Now, when most people think of a henge in Europe, they think of Stonehenge. While certainly the most famous of henges, there are actually henges spread out throughout Ireland and the U.K. Since there was one a half hour drive south of Limerick, and the largest stone circle in Ireland, we figured we shouldn't pass it up. Known as Grange Henge, or the Grange Stone Circle, it's not accessible by public transportation so we hired a cab to take us there.





Grange Henge is just west of Lough Gur (or Loch Goir in Gaelic), a large lake in the region. A sign at the Henge tells you about the lake and it's relevance to the circle.





I tried to get a picture of the entire circle while still being able to see the stones, but this was the best I could do. While Stonehenge is made of large monolithic stones, most other henges are made of "smaller" stones, although you can see the largest stone in Grange Henge at the upper left-hand corner called Rannach Chruim Duibh, or Crom Dubh's division. Crom Dubh, or Dark Crom is a mythological figure of Irish folklore.





Here is a nice shot looking along the left-hand side of the circle. You can see the largest stone again in the upper right-hand corner, just off to the left of there. See it?





A shot moving along that same side of the circle, this time you can see Rannach Chruim Duibh in the exact upper right-hand corner.





The original main entrance to Grange Henge.





Visitors to this old, sacred site leave offerings to the gods here. Here we see a statuette, some simple jewelry, some bones, and coins. These were placed on the stone just to the left of Rannach Chruim Duibh.





In this photo, I'm standing right next to Rannach Chruim Duibh.





This is the road sign outside the standard Irish stone gate that surrounds the private property this henge is on.





The sign is old and cracked, but gives good information about Grange Henge. See the diagram on the right? It even has all the stones drawn out below that.


While it was raining the whole time were were there -- which kept us from staying longer -- I really enjoyed this. There was something surreal about this experience, even more so the castles and the cathedral. This henge dates to the Neolithic/Bronze Age and has been standing here since 2500 - 1800 B.C.E.! I was so awe-struck thinking about the ancient peoples who had stood here before me, centuries ago, as they prepared for their ancient rituals and celebrations.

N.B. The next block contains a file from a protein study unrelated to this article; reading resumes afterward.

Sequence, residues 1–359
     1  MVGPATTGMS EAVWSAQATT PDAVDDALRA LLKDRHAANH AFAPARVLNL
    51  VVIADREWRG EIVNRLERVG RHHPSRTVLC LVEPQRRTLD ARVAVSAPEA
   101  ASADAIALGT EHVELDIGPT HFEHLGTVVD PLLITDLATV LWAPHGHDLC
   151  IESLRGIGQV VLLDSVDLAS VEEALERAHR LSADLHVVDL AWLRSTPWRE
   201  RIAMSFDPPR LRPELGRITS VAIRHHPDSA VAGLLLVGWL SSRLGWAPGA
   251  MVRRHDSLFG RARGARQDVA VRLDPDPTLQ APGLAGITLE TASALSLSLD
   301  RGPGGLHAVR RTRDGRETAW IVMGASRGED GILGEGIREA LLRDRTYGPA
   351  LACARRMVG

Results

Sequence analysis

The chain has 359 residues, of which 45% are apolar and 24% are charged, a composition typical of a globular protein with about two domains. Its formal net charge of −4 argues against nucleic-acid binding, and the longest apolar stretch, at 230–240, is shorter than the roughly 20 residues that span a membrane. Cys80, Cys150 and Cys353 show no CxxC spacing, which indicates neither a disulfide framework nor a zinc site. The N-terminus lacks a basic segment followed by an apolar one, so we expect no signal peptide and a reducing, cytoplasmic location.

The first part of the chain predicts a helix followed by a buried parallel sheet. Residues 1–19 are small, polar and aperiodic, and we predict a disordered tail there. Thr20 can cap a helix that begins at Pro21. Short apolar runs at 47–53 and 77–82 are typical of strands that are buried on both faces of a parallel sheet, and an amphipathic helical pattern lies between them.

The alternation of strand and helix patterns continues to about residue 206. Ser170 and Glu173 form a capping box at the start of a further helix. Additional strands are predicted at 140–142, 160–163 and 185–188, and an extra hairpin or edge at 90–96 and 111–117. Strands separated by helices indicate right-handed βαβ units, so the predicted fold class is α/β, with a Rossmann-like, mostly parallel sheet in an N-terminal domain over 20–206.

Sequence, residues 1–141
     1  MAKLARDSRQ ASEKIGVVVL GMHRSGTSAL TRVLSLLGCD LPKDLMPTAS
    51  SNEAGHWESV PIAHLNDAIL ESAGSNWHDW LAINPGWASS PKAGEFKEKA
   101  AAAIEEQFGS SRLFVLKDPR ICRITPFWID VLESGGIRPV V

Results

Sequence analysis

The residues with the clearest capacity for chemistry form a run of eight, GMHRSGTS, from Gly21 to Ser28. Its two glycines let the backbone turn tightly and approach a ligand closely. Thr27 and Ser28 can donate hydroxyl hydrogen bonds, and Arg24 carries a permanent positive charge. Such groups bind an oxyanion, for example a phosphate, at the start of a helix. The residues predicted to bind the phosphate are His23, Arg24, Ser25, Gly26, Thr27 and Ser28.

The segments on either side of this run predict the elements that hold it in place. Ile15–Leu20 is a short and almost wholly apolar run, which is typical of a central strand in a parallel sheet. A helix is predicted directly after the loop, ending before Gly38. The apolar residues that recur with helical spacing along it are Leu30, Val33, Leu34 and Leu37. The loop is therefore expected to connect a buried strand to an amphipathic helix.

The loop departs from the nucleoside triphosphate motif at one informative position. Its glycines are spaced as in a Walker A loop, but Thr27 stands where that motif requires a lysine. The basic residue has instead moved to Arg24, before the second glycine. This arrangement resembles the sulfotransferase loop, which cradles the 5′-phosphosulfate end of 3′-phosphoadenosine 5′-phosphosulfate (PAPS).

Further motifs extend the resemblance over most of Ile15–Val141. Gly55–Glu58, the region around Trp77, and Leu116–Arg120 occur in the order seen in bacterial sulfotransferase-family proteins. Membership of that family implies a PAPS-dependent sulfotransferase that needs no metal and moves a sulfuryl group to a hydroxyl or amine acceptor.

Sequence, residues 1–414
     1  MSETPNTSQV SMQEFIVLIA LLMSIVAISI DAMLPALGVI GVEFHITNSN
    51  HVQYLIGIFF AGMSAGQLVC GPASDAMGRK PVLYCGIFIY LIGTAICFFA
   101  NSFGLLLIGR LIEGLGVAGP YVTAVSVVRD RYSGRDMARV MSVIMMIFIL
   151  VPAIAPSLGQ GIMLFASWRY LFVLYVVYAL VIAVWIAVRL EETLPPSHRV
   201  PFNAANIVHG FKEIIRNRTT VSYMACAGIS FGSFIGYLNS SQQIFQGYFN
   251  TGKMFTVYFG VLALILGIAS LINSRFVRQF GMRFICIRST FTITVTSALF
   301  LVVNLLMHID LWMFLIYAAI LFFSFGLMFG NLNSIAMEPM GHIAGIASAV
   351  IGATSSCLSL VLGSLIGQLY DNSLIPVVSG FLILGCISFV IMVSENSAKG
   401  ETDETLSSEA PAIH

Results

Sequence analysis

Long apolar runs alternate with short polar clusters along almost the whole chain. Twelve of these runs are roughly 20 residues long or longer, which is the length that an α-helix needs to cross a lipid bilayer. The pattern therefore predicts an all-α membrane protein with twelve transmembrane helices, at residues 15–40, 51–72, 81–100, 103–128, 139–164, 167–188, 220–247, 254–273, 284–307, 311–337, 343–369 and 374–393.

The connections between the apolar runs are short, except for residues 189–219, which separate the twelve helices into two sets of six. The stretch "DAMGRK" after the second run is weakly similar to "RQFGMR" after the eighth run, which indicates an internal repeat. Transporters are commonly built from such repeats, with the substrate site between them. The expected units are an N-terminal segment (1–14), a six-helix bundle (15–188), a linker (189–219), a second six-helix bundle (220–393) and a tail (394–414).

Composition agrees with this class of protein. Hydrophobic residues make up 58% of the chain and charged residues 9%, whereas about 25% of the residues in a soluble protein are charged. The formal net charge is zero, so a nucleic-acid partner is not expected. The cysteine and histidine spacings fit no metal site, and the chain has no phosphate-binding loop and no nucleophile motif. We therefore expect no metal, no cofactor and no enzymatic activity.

Well, that's it for today. I'll be back next Monday with Galway. Until then, have a great Monday, and I'll be back Wednesday with this weekend's fun.

-H.A.

Saturday, July 22, 2017

Latest Libations: 8th Edition



Good morning. I know I said yesterday that I would do an Ipsy post, but I'm going to wait until next week sometime. It is high time though that we have a libations post! So, here we go.




I tend to stay away from commercial ciders and beers for the most part, but I picked up this Strongbow Cherry Blossom in a mix-a-six pack awhile back. I like to get dark, heady brews and balance them out with lighter, and at times, fruity brews. This one wasn't bad, but I think the cherry flavor kind of masked the lower quality cider. I've never had their original cider though, so I don't have much to go off of.





New Belgium, like Boulevard & Lucky Bucket, make some of my favorite brews. This is their lovely Tartastic, which is a lemon ginger sour. It's not a sweet beer, but rather a crispy, tart ale that is perfectly refreshing on a warm day.





Boulevard puts out special 12-packs sometimes that will offer a few of their tasting room brews, and this Spicy Rye Ale is one of them. It's a dark rye with the perfect blend of spices to make this a true taste sensation. If you like dark beers with complementary notes, you will love this one.





My husband picked up a case of classic Coors, a good old-fashioned Grandpa beer. I begrudgingly had one, as I didn't remember ever liking Grandpa beers, but you know...this isn't as bad as I remember. I think my refined beer palate has grown so much over the years that I have some appreciation for these older brews.





I love, love, love radlers, so when I saw that Boulevard was selling Ginger Lemon Radler, I knew I had to grab a six-pack of it. It's sweet, lightly tart, and delicious.





Aunt Sally, made by Lagunitas Brewing, is a hoppy, tart, sour mash ale. I wasn't as thrilled with this as much as I had hoped to be. There's too much going on - with such a mixture of different beer types - that it's hard to enjoy. I would skip this one if I were you.





Snake Bite Apple Cider Shandy (with a splash of cranberry) is made by T.W. Pitcher's Brewing. It's a nice shandy with a great fruity taste. It's pleasant and perfect for summer. Incidentally, I recently had their Blood Red Grapefruit Radler recently, and, man, it's a new favorite of mine.





Being the huge Iron Maiden fan that I am, I had given up hope of ever running into their Trooper beer. I started going to a different brew shop recently, and found a four-pack of this. While I kept one can for collection reasons and had high hopes, I didn't like this beer. It was a cheap, not very tasty, pub ale. 





Last, but not least, is Infusion's Vanilla Bean Blonde. I've had this on tap before and loved it, but find their bottled version to not be as tasty. It's a bit sweeter and the vanilla bean is more visible in the tap version than in the bottled version, but it was still a good brew to drink anyway. It is a bit disappointing to be expecting something and not exactly getting it, but still, it's worth the price as it's still a lovely beer.



And there you have it, another installment of Latest Libations. I hope you get to try these brews, or some new ones, soon. Happy drinking!



My latest book, The Box, is available through different retailers for $3.99! If you like short, campy, horror books, you will love The Box

Pick it up by following this link: The Box by H.A. Larson 



For information on my other books, link up to my Pronoun Author Page.